Reliable Ambulance Service, Inc. v. Mercy Hospital of Laredo; Medical Ambulance Services, Inc..; Adonis Zuniga-Goldwater, M.D.; Adriana P. Zuniga-Goldwater; Arturo A. Garza, M.D.; Sheila M. Garza; Arturo Garza-Gongora, M.D. & Clarisa Garza-Gongora--Appeal from 49th Judicial District Court of Webb County

Annotate this Case
No. 04-02-00188-CV
MERCY HOSPITAL OF LAREDO, Medical Ambulance Services, Inc.,
Adonis Zuniga-Goldwater, M.D., Adriana P. Zuniga-Goldwater,
Arturo A. Garza, M.D., Sheila M. Garza, Arturo Garza-Gongora, M.D.,
and Clarisa Garza-Gongora,
From the 49th Judicial District Court, Webb County, Texas
Trial Court No. 2000-CVQ-001113-D1
Honorable Manuel R. Flores, Judge Presiding

Opinion by: Sarah B. Duncan, Justice

Sitting: Alma L. L pez, Chief Justice (concur without opinion)

Sarah B. Duncan, Justice

Karen Angelini, Justice

Delivered and Filed: August 20, 2003


Reliable Ambulance Service, Inc. appeals the take-nothing summary judgment rendered against it. We affirm.

Factual and Procedural Background

Reliable Ambulance Service provides ambulance services in the Laredo area. A substantial portion of the ambulance business in Laredo is referred by Mercy Hospital. Before 1998, Mercy referred ambulance business on a rotating basis, except when patients requested a specific provider. Under this system, Reliable grew to be the largest provider in the area. Medical Ambulance Services, Inc. (MAS) was formed in 1997 by a group of doctors and their wives. In 1998, MAS entered into a provider service contract with Mercy. Pursuant to the agreement, Mercy will refer all ambulance and wheelchair van services to and from the hospital to MAS, unless a patient requests another provider. The agreement requires MAS to have continuous service available at all times, sets out required response times, and specifies equipment and staffing requirements. The contract also sets out the prices Mercy will pay for transportation of patients which are paid for by Mercy and are not reimbursed by the federal government or other third party. MAS and Mercy continue to operate under this agreement.

Reliable contends the prices MAS charges Mercy for ambulance services are below MAS's cost and are lower than what MAS charges Medicare and Medicaid for the same services. The gist of Reliable's complaint is that MAS offered and Mercy knowingly accepted a deep price discount in exchange for Mercy's agreement to refer the much more lucrative Medicare/Medicaid-reimbursed ambulance service business to MAS. According to Reliable, the agreement violates the anti-kickback provision of the Social Security Act ("the anti-kickback statute"). See 42 U.S.C. 1320a-7b(b).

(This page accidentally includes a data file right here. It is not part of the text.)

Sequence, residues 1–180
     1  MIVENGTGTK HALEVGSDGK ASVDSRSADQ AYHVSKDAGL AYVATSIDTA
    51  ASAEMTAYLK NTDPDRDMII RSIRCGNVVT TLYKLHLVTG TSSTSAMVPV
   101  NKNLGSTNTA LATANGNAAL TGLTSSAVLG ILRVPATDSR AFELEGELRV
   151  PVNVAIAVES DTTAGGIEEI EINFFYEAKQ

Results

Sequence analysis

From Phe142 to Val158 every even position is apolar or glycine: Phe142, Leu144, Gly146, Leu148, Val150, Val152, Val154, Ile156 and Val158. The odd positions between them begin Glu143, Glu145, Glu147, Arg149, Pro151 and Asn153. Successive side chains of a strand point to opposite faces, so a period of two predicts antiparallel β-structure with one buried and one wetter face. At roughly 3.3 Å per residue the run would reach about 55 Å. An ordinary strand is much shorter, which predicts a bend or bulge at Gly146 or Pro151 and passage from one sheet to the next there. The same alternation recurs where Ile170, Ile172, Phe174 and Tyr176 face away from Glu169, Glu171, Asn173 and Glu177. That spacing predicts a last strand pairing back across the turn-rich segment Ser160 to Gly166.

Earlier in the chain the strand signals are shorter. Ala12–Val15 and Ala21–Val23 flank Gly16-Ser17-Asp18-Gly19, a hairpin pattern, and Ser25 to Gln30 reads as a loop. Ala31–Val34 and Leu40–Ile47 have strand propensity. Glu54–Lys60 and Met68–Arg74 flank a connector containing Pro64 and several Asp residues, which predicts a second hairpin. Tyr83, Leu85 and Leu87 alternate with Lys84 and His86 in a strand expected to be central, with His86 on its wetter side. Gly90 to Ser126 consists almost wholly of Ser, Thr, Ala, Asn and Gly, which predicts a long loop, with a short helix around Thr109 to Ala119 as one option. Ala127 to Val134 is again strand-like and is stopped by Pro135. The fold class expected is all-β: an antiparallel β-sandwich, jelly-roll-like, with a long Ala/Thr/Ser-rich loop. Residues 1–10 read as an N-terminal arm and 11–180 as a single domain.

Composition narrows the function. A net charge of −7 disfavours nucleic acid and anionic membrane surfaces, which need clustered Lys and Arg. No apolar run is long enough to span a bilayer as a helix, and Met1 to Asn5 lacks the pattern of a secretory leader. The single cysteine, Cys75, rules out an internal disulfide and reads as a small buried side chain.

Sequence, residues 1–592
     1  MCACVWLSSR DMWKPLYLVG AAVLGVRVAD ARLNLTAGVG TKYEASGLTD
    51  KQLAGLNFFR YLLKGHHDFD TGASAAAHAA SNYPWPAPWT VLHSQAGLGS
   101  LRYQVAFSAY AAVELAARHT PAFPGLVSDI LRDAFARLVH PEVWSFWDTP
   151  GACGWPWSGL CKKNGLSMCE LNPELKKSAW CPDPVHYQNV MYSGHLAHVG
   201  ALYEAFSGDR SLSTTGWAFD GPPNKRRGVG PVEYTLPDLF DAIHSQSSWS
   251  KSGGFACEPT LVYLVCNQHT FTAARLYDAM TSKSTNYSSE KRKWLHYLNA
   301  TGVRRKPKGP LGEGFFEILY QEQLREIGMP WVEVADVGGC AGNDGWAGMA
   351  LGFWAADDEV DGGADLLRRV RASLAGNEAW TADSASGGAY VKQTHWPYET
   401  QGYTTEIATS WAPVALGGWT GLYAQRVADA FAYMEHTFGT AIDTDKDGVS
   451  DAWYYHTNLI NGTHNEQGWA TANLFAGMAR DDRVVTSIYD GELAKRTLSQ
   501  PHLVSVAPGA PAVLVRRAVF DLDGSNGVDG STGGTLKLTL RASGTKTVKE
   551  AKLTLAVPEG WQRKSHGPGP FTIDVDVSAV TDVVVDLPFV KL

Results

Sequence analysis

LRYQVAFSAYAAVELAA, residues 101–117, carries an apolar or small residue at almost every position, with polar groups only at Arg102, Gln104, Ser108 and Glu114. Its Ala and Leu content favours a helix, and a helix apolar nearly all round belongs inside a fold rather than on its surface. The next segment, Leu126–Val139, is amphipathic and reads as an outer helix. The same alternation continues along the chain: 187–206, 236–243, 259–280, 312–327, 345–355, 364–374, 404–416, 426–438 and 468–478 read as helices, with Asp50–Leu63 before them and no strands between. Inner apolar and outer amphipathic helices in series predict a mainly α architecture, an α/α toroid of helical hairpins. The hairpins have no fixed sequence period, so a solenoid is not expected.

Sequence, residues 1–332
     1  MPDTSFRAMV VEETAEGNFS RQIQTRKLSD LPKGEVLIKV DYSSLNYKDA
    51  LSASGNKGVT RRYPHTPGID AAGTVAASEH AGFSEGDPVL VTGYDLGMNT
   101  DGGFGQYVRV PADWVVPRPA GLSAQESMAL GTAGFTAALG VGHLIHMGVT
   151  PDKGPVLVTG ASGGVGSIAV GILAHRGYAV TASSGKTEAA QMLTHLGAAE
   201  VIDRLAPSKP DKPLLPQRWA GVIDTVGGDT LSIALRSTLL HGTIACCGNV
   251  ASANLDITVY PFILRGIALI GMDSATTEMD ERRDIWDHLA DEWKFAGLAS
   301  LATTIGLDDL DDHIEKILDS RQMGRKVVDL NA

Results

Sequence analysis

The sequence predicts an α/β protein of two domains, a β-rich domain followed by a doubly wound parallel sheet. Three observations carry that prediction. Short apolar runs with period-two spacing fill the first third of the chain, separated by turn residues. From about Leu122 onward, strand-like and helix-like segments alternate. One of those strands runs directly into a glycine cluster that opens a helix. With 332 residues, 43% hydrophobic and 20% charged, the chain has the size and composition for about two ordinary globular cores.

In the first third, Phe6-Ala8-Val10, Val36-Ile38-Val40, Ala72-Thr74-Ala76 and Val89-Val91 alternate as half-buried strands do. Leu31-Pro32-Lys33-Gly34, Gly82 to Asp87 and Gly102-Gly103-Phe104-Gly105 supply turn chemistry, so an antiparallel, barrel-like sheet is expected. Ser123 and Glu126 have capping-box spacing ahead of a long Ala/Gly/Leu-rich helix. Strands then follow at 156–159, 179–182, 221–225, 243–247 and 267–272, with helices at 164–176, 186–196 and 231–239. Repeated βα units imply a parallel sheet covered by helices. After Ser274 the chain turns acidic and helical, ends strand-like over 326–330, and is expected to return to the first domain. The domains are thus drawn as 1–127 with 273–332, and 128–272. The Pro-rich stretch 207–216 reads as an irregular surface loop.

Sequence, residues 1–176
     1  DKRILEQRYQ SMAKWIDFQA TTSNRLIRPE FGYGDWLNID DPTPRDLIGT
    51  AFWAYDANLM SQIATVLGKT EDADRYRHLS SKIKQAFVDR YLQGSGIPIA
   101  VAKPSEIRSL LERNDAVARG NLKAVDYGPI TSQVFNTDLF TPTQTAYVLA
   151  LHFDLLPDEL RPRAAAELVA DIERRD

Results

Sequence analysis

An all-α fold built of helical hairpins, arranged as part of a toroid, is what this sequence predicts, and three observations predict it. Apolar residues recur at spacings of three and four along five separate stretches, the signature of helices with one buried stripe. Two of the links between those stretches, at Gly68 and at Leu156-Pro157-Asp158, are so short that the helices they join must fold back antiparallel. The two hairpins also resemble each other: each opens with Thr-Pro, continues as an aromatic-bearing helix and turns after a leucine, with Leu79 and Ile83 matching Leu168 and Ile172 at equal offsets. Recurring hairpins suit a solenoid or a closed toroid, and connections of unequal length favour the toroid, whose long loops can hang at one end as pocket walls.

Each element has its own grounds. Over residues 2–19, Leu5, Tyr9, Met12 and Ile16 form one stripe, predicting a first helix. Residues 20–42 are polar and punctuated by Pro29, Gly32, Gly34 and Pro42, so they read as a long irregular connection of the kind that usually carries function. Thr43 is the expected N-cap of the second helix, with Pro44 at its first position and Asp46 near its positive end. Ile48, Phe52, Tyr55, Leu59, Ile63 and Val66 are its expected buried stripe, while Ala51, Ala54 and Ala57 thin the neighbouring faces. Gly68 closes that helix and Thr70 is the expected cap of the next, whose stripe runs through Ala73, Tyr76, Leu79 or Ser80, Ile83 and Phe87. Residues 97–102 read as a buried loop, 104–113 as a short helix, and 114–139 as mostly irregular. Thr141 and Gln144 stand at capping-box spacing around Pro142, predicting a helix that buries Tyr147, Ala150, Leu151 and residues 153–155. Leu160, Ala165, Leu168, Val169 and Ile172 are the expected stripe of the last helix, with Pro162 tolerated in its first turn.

Reliable sued Mercy, MAS, and the doctors and nurses who formed MAS. Reliable alleged a single cause of action for "unfair competition" and sought actual and exemplary damages and equitable relief. Defendants specially excepted to the petition on the grounds it failed to state a cause of action and damages are not available under the theory pled. The trial court sustained the exceptions and ordered Reliable to replead; however, it did not. Defendants then filed motions for summary judgment on the grounds that: (1) Reliable has failed to state a common law cause of action for damages and public policy precludes the award of injunctive relief; (2) Reliable's claim is preempted by federal law; and (3) Reliable's claim is preempted by the Texas Free Enterprise and Antitrust Act. The trial court granted judgment for the defendants without stating its reasons. Reliable appeals the judgment, arguing the trial court erred in sustaining the special exceptions and in granting summary judgment.

Scope and Standard of Review

We review a summary judgment de novo. Valores Corporativos, S.A. de C.V. v. McLane Co., 945 S.W.2d 160, 162 (Tex. App.-San Antonio 1997, writ denied). Accordingly, we will uphold a traditional summary judgment only if the summary judgment record establishes the absence of a genuine issue of material fact and the movant is entitled to judgment as a matter of law on a ground set forth in the motion. Id.; Tex. R. Civ. P. 166a(c). When the trial court's decision in based on the plaintiff's failure to state a cause of action, we "must take the allegations in the pleadings as true in determining whether a cause of action exists." Perry v. S.N., 973 S.W.2d 301, 303 (Tex. 1998).


Reliable's claim is based solely on the allegations that "MAS, a competitor in the ambulance business ..., and Mercy entered into an agreement which is illegal, violates the criminal law, and such agreement has been the cause of injury to" Reliable. The criminal law allegedly violated is the federal anti-kickback statute. All parties agree there is no express or implied private cause of action under the anti-kickback statute. See West Allis Mem'l Hosp., Inc. v. Bowen, 852 F.2d 251, 255-56 (7th Cir. 1988); United States ex rel. Barrett v. Columbia/HCA Health Care Corp., 251 F. Supp. 2d 28, 37 (D. D.C. 2003). However, Reliable contends that violation of this federal criminal statute may properly be alleged as the sole basis of a Texas common law claim for unfair competition, for which it can recover injunctive relief and damages from both MAS and Mercy. We disagree.